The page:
The Carlisle Mosquito Online

Friday, February 15, 2002


There's time for indoor gardening in February

There isn't a lot of gardening to be done in February. As much as you would like to clean up the sticks that have blown down, or wander around cutting the ragged stems of hardy chrysanthemums that are poking out of the muddy ground, it just isn't the right time yet for spring cleanup. It is still winter. Gardeners are stuck indoors, in the dry desert climate of heated homes, breathing the closed-in air of the winter house. But luckily there is one form of winter gardening that can brighten up your spirits and help you breathe easier. February is the perfect time to give attention to those hardworking houseplants hanging in your window and sitting on your hall table. By giving attention to your houseplants, you will be enhancing your own air filtration system.

Houseplants clean indoor air

A 1984 NASA study performed by researcher Dr. Bill Wolverton showed that many common houseplants are capable of purifying the air of indoor pollutants. Dr. Wolverton's study tested for three common pollutants: formaldehyde, found in such items as particleboard, paper towels, facial tissues, grocery bags, waxed paper and plywood; benzene, contained in rubber, paints, gasoline and inks; and trichlorethylene (TCE), found in paints, varnishes, and dry -cleaning fluids. These chemicals can irritate eyes, throat and nose and cause headaches and dizziness. Prolonged exposure can cause memory-loss, liver and kidney damage and they are potential carcinogens.

Old houses purified themselves

Before the 1970s houses were built like sieves: air freely exchanged every few hours through poorly insulated windows and doors. After the energy crisis of the seventies houses became super-insulated to lower heating and cooling costs. Air that might exchange every few hours instead remained stagnant possibly for a full day, allowing pollutants to accumulate.

Cases of asthma have risen, and "sick building syndrome," in which a whole building is contaminated with out-gassing chemicals, has been increasing.

Photosynthesis and soil microbes

Plants take in carbon dioxide and release oxygen, a process called photosynthesis. While the plants produce their food, they clean out the air by absorbing carbon dioxide, as well as other pollutants. Some pollutants are transferred to the roots of the plants, where they are broken down into harmless chemicals, taken as food for the plants or released into the soil. Microorganisms in the soil use the toxins for food, and the roots absorb their waste process.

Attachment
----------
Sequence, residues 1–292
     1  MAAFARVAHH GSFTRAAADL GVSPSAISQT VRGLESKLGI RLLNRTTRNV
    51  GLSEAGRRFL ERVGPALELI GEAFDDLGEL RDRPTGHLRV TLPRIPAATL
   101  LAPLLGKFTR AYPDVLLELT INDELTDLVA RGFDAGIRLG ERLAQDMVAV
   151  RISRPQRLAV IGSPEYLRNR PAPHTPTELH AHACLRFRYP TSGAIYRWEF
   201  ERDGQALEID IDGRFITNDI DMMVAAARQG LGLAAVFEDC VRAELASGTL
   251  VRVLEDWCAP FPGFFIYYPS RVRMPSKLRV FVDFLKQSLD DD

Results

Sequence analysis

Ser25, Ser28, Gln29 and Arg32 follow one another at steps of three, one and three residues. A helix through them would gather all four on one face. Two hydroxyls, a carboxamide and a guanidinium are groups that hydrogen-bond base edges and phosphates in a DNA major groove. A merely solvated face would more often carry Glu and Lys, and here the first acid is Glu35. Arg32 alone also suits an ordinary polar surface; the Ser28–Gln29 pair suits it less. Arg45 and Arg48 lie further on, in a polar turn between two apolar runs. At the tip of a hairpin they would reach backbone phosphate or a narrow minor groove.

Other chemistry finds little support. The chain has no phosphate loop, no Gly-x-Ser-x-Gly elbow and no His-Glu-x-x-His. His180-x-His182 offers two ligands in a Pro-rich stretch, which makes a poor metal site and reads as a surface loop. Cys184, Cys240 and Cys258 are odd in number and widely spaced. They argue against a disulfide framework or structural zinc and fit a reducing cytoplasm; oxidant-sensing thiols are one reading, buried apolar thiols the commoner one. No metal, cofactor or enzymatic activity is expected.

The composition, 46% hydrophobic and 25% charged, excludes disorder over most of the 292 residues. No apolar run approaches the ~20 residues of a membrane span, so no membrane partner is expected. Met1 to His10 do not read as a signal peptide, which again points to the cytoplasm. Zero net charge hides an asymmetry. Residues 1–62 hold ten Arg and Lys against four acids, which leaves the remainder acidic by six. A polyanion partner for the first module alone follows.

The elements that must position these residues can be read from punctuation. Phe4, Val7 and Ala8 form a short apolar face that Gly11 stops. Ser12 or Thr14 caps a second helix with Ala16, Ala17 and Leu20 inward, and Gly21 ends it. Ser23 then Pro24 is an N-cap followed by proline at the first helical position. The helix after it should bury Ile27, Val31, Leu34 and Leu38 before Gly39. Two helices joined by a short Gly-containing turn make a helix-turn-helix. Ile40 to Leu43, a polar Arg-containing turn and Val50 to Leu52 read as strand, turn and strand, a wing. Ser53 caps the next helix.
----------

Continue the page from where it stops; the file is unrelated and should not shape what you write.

Take advantage of houseplants

You are probably already cleaning the air in your house with those tired looking spider plants in the window. You can use this cleaning system anywhere in your house. But you need to give something back to your plants. Your houseplants are dormant right now and don't need fertilizers until March. But February is the perfect time to give them fresh soil and new pots, discarding old leaves. After replacing the soil, check on the humidity of the room they live in. Most likely it is dryer than a desert. You can help your plants by placing them on a small dish, filled with flat stones, and filling the dish with water as often as you can remember. Be sure the water does not reach the bottom of the pot. As the water evaporates, it increases the humidity around the plant.

Ideal plants for air cleaning

Although all plants will cleanse the air, certain plants are over-achievers in vacuuming toxins. Areca palm (Chrysalidocarpus lutescens), chrysanthemums, philodendron, poinsettia, and spider plant (Chlorophytum comosum) will remove formaldehyde. Plants such as English ivy (Hedera helix), dracanena marginata, peace lily (Spathiphyllum wallissii), snake plant (Sansevieria trifasciata) and gerbera daisy were shown to clean benzene and trichlorethylene from the air. The NASA study recommends 15 to 20 plants for a typical 1,800-square-foot house.

Plants bring the outdoors inside

Some skeptics say that thousands of plants would be required to make an impact on a building with "sick building syndrome" and point to the controlled conditions in the NASA study as the reason for the remarkable results. The best reason to have houseplants is to enjoy their beauty, and to bring a piece of the outdoors into our homes. Gardening with houseplants can lower stress levels, and possibly lower the air pollutants in our homes. Giving our houseplants a little attention in February seems like a reasonable price to pay. They make our homes a brighter and more pleasant place to wait for spring.

2002 The Carlisle Mosquito